Mitochondrial diseases are a group of rare genetic disorders that affect the mitochondria, which are the energy-producing organelles within our cells. These disorders can have diverse and often debilitating effects on various organ systems, including the brain and nervous system. One specific mitochondrial disorder is mitochondrial encephalopathy, lactic acidosis, and stroke-like episodes (MELAS) syndrome. Verbal auditory agnosia, a condition where individuals struggle to recognize speech sounds, is rarely associated with MELAS syndrome. Metformin, a commonly prescribed medication for diabetes, has been linked to lactic acidosis and has potential connections to mitochondrial dysfunction, which can exacerbate the clinical features of mitochondrial diseases.
A 43-year-old man arrived at the emergency department with a sudden and alarming set of symptoms. He experienced an abrupt fever, accompanied by a severe headache and a striking impairment in his ability to understand spoken language. While he could still communicate effectively through handwritten notes, the spoken word was incomprehensible to him. Two months earlier, he was diagnosed with diabetes mellitus, and his treatment regimen included vildagliptin and metformin to manage his blood glucose levels.
Upon conducting laboratory tests, medical professionals discovered elevated lactate levels in the patient’s bloodstream and cerebrospinal fluid. Further investigation using brain MRI scans unveiled lesions in the temporal lobes of his brain. Initially, the medical team diagnosed the patient with acute encephalitis and administered acyclovir as the treatment. However, subsequent MRI scans following the acyclovir treatment demonstrated a worsening of the previously observed temporal lobe lesions. A mitochondrial DNA point mutation at position 3,243 (m.3243A > G) with 25% heteroplasmy was discovered only through a comprehensive analysis of the patient’s mitochondrial genome. This genetic mutation is consistent with MELAS syndrome.
Remarkably, the patient’s clinical symptoms and elevated serum lactate levels began to improve significantly after discontinuing the use of metformin.
FIGURE 1. Initial and follow-up MRI after 14 days of acyclovir treatment. (A) initial ADC, (B) initial DWI, (C) initial T2 corona, (D) initial T2 FLAIR, (E) follow-up ADC, (F) follow-up DWI, (G) follow-up T2 corona, (H) follow-up T2 FLAIR, and (I) follow-up MRS. ADC, Apparent diffusion coefficient; DWI, Diffusion-weighted image; FLAIR, Fluid attenuated inversion recovery; MRS, Magnetic resonance spectroscopy.
This case represents a captivating example of late-onset MELAS syndrome with a presentation characterized by acute verbal auditory agnosia. In this condition, the patient can hear sounds but can’t comprehend speech. This unique case provides critical insights into the diverse clinical manifestations of mitochondrial diseases and underscores the potential impact of metformin on mitochondrial function.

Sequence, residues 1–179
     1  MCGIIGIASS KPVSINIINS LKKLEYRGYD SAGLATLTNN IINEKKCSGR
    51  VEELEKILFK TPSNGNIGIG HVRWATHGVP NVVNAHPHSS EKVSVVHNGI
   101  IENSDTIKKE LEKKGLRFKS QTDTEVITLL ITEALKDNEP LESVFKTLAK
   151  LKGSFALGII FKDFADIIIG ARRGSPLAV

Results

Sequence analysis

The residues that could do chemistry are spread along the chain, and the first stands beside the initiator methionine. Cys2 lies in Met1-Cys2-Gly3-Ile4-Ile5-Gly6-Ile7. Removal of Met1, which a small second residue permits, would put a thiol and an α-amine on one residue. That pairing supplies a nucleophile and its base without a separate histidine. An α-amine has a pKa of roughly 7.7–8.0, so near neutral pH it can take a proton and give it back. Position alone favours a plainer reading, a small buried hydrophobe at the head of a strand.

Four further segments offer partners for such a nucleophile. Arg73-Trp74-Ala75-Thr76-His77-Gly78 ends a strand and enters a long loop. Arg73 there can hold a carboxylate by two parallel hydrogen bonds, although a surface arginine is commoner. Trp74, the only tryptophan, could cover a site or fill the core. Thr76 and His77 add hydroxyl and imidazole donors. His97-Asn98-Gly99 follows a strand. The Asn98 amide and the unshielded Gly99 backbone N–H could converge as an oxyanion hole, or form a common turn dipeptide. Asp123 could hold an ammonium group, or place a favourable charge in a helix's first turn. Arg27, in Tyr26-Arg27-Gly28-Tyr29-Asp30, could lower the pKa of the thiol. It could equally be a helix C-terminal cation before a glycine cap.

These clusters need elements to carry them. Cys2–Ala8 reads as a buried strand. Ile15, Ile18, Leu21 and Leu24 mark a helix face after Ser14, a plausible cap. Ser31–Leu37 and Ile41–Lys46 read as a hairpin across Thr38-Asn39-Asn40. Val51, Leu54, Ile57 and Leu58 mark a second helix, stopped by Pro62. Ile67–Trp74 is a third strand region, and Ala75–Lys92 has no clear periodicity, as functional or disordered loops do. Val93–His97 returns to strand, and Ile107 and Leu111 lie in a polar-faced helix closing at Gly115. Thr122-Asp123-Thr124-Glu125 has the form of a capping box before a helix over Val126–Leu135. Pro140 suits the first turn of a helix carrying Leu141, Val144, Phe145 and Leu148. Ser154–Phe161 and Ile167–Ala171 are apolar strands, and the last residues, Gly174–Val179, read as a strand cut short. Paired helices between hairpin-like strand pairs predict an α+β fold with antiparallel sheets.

Mitochondrial diseases are a group of rare genetic disorders that affect the mitochondria, which are responsible for generating energy within our cells. These disorders can lead to a wide range of health problems, including neurological issues. MELAS syndrome, in particular, is a rare mitochondrial disorder that can manifest with symptoms such as myopathy, exercise intolerance, stroke-like episodes, seizures, elevated lactate levels, sensorineural hearing loss, and diabetes mellitus.
Verbal auditory agnosia is a rare condition where individuals can hear sounds but struggle to recognize speech sounds. This impairment is usually associated with strokes but, in rare instances, can be linked to conditions like MELAS syndrome. Typically, lesions associated with this condition are found in the bilateral superior temporal cortex of the brain.
In this case, the initial diagnosis of acute encephalitis was prompted by the patient’s fever, headache, and auditory agnosia, along with the presence of temporal lobe lesions on brain imaging. However, the persistence of elevated lactate levels in both blood and cerebrospinal fluid led to the consideration of a mitochondrial cause. In MELAS syndrome, dysfunctional mitochondria can’t produce enough energy, resulting in the accumulation of pyruvate and subsequent lactate production. Metformin, a medication used to manage diabetes, is known to interfere with mitochondrial function, potentially worsening the symptoms of mitochondrial disorders. While the relationship between metformin and MELAS syndrome remains uncertain, some experts caution against its use in individuals with this condition.
In conclusion, this case illustrates the importance of considering mitochondrial diseases as potential causes of diabetes mellitus and highlights the need for caution when prescribing metformin. It also emphasizes the importance of raising awareness among healthcare providers regarding the varied clinical presentations of mitochondrial disorders, including late-onset MELAS syndrome. Further research is needed to understand better the potential interactions between metformin and mitochondrial dysfunction in patients with these complex conditions.
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